FY2000 President's Budget Request for the NIDCD
DEPARTMENT OF HEALTH AND HUMAN SERVICES
Fiscal Year 2000 President's Budget Request
for the National Institute on Deafness and Other Communication Disorders
Dr. James F. Battey, Jr.
Director, National Institute on Deafness and Other Communication Disorders
Mr. Chairman and Members of the Committee, the President in his 2000 budget has proposed that the National Institute on Deafness and Other Communication Disorders receive $235,297,000, an increase of $5,619,000 over the non-AIDS portion of the comparable FY 1999 appropriation. Including the estimated allocation for AIDS in both years, total support proposed for NIDCD is $237,171,000, an increase of $5,551,000 over the FY 1999 appropriation. Funds for NIDCD efforts in AIDS research are included within the Office of AIDS Research budget request. I am honored to appear before you as the Director of the National Institute on Deafness and Other Communication Disorders (NIDCD).
NIDCD conducts and supports research and research training on normal processes and disorders of hearing, balance, smell, taste, voice, speech, and language. These processes are fundamental both to the way people perceive the surrounding world and to their ability to communicate effectively with other individuals. As we approach the end of the century, effective human communication is an increasingly important requirement for a wide range of employment opportunities. Within the last year, we have witnessed outstanding research progress by NIDCD-supported scientists and clinicians, progress further accelerated by the efforts of other institutes at the NIH. This progress is lighting the path for ongoing and future research studies to achieve a pressing goal: to help individuals with communication and sensory systems disorders.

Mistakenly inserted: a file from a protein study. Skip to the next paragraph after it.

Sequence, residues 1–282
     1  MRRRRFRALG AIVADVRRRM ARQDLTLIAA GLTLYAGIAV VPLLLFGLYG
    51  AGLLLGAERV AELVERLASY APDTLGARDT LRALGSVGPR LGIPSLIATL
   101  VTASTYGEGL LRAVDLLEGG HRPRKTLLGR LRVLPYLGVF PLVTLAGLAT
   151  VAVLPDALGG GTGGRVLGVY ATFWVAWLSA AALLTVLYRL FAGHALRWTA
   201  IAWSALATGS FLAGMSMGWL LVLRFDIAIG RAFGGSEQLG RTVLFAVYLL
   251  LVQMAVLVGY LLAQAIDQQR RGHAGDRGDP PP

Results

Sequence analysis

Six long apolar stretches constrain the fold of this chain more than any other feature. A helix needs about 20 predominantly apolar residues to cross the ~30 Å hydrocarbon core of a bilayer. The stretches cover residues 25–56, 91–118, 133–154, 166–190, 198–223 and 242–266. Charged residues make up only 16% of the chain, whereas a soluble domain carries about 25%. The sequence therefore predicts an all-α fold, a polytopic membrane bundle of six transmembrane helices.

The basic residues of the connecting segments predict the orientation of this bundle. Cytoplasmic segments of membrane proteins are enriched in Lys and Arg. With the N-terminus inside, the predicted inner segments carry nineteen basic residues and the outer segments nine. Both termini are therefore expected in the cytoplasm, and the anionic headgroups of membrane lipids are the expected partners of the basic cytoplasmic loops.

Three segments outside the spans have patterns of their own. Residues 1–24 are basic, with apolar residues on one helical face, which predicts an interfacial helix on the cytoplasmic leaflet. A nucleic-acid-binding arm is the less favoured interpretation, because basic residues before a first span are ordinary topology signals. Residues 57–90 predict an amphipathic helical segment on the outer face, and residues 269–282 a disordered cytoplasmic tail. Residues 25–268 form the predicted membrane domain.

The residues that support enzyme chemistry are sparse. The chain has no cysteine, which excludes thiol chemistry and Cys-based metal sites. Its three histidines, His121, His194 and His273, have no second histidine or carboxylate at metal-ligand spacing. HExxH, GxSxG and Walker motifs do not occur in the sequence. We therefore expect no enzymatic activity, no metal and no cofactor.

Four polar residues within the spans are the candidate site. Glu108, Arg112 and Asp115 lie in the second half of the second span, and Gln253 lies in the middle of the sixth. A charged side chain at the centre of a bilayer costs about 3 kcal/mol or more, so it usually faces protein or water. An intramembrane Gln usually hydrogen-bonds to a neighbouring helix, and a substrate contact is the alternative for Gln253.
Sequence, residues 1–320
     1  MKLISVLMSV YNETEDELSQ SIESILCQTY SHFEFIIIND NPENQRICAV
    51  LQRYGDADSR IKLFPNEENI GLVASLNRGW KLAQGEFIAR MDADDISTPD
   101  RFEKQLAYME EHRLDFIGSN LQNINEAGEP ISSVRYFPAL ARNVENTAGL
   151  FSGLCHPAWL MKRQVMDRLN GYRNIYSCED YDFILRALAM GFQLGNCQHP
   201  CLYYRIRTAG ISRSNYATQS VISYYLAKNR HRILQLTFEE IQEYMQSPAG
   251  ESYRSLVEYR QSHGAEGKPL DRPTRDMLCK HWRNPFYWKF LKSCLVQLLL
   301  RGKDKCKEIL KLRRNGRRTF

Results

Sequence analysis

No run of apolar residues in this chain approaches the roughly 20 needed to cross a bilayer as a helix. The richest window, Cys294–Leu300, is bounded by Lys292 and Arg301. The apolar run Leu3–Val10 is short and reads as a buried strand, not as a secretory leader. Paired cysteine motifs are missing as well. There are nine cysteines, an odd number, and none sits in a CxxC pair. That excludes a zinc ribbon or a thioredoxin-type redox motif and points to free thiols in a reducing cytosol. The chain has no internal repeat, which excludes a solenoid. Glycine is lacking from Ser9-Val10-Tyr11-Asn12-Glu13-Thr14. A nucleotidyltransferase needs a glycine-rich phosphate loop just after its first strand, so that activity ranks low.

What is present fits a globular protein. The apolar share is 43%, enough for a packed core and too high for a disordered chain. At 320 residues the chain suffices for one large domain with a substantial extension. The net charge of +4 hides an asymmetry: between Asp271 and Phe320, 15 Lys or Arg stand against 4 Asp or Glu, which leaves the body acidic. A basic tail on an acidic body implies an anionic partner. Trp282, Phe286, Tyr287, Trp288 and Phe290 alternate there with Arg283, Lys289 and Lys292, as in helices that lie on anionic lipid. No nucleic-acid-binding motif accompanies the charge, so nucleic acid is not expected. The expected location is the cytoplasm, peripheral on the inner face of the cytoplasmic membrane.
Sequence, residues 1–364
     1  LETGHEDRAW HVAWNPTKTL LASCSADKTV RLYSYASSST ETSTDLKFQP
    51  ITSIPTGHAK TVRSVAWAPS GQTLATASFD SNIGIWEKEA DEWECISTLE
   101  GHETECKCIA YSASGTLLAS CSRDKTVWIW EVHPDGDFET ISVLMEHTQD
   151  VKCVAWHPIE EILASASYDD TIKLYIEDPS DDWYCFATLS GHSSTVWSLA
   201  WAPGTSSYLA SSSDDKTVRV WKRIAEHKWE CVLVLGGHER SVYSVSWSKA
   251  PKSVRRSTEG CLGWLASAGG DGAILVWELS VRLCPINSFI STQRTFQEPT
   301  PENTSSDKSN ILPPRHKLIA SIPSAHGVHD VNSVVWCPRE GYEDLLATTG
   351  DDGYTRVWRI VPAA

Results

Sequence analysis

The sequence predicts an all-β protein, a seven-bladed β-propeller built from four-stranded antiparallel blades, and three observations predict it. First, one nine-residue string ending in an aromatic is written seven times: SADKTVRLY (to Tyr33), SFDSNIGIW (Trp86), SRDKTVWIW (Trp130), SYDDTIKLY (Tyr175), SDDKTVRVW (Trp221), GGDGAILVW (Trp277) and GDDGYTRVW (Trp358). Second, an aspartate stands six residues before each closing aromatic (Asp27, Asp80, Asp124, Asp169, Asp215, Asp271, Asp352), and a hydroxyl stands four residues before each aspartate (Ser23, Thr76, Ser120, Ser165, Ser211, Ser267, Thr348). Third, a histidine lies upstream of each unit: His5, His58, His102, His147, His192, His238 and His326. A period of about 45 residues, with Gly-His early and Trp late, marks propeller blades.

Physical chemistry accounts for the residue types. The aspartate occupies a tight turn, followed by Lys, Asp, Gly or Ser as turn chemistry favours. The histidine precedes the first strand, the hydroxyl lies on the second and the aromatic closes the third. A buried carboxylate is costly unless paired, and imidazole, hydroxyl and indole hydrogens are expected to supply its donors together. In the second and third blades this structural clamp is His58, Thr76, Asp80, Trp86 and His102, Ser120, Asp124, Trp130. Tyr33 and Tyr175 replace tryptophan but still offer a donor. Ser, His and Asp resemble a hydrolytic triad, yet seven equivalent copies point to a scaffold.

Early Identification of Hearing Impairment: Early Intervention Results in Better Language Skills
Since about 33 children are born each day in the United States with a significant hearing impairment, early identification of these affected children has become an important public health objective. Recent results from NIDCD-supported research show that children whose hearing impairments are identified by six months of age, and who consequently receive appropriate intervention, demonstrate significantly better language scores than children whose impairment was initially identified after six months of age. For children with normal cognitive abilities, this language advantage was found across all tested ages, communication modes, degrees of hearing loss, and socioeconomic strata.